I don't watch "Mad Men." (I couldn't even make it through the first episode. I thought it was boring, not to mention that all the cigarette smoke gave my phantosmia fits.)
Elisabeth Donnelly does watch "Mad Men." And she wrote about it on the back page of The New York Times Magazine a few weeks ago. Donnelly couldn't understand why her mother, who had experienced the early 1960s first-hand, found the show "painful."
Flash forward to Adam Gopnik, writing in The New Yorker last week. Gopnik talked about something he named the "Golden Forty-Year Rule," which suggests that the prime site for nostalgia is the forty-to-fifty-year period prior to the present time. During the 1940s, the aughts were the bee's knees. The 70s were in love with the 30s. Following that pattern, it comes as no surprise that culturally we're smitten with the 1960s.
Gopnik has a interesting theory on the reasons behind his rule, mostly having to do with who it is that actually controls the creation of pop culture. And then he leaps forward to four decades hence and considers how the 2010s will look when viewed through the lens of the forty-year future.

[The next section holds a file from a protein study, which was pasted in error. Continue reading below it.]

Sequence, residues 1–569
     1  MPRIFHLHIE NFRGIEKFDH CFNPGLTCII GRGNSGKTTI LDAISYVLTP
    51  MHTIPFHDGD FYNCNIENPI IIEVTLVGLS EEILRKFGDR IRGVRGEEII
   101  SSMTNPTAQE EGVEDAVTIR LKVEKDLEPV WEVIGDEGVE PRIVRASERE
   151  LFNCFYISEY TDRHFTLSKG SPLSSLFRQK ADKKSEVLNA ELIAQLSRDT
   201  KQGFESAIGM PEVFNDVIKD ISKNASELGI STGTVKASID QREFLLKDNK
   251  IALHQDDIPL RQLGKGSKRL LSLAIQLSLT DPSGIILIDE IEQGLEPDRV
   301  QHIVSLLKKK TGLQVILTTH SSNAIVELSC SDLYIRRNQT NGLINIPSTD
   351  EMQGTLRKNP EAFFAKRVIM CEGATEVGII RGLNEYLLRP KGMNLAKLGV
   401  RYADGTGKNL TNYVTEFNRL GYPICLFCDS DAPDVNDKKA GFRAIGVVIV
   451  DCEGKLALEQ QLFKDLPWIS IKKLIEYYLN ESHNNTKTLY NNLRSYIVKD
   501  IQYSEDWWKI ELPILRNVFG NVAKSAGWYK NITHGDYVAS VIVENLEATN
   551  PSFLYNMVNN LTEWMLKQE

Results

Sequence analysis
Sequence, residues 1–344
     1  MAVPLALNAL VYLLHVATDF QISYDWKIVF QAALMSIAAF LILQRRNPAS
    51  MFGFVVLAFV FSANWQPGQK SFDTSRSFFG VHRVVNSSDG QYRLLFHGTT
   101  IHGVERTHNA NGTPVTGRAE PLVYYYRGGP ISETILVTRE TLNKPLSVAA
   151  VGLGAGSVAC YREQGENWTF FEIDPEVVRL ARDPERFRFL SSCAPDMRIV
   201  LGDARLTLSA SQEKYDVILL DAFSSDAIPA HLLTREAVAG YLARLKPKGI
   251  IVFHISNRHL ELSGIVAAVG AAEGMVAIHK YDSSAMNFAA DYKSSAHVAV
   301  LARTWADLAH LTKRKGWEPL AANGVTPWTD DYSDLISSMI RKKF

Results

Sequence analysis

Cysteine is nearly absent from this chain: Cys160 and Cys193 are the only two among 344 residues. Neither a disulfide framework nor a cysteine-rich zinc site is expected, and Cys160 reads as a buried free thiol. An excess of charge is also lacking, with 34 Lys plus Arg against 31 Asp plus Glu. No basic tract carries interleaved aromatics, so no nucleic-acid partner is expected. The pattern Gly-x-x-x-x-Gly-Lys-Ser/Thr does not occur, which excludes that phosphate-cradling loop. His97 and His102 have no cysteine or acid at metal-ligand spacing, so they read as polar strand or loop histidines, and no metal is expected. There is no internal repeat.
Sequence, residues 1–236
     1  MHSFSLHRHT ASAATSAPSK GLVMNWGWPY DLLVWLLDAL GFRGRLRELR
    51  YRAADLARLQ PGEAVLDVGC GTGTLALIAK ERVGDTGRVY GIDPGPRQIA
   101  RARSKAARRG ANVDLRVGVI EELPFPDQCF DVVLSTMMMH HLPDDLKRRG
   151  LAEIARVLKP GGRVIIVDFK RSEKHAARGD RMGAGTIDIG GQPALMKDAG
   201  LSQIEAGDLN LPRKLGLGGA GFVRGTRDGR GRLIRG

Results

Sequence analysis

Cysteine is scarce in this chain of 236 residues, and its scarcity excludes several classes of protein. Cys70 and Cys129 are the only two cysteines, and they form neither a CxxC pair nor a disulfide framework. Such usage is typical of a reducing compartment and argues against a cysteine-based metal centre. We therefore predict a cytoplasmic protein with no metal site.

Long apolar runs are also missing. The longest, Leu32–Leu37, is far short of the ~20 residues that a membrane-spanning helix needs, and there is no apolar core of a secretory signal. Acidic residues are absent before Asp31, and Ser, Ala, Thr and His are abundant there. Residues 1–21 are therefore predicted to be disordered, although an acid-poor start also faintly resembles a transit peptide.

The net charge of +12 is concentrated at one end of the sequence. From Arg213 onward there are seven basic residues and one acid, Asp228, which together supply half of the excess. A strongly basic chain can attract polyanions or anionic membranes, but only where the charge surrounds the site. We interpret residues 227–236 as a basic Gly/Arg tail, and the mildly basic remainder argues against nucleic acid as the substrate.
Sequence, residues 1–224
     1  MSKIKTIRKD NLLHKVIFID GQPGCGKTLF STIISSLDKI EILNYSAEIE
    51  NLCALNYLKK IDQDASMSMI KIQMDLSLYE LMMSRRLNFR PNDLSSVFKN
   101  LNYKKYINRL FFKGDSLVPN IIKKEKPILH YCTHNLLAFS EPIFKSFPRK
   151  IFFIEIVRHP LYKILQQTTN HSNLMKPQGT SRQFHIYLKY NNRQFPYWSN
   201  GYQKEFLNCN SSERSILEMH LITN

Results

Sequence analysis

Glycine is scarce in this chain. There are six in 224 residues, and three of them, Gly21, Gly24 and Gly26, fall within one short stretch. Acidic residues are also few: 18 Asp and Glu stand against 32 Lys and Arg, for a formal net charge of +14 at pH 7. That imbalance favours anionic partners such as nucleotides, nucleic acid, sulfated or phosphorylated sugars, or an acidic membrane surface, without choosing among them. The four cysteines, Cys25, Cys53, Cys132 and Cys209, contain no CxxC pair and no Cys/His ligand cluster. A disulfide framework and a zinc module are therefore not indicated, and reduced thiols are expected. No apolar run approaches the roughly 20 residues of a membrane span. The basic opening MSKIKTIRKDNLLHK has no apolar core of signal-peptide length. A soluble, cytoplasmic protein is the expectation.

For the 1960s, Donnelly is that future. But confronted with a TV show and the first-person reflections of her own mother, Donnelly tips toward the media view. She's a reluctant believer in the realities of that era as expressed by someone who lived through the time.
All this leaping forward and looking back had me thinking this week: No one owns the final word on what a decade was really like. Even the past five minutes can be questioned: ask anyone who's witnessed a traffic accident what it was that actually happened. The future will collect the bits and pieces we leave behind and create the narrative as it will. All we can do is toss and scatter the best of ourselves, then settle back with our remotes and hope we'll be able to enjoy the show.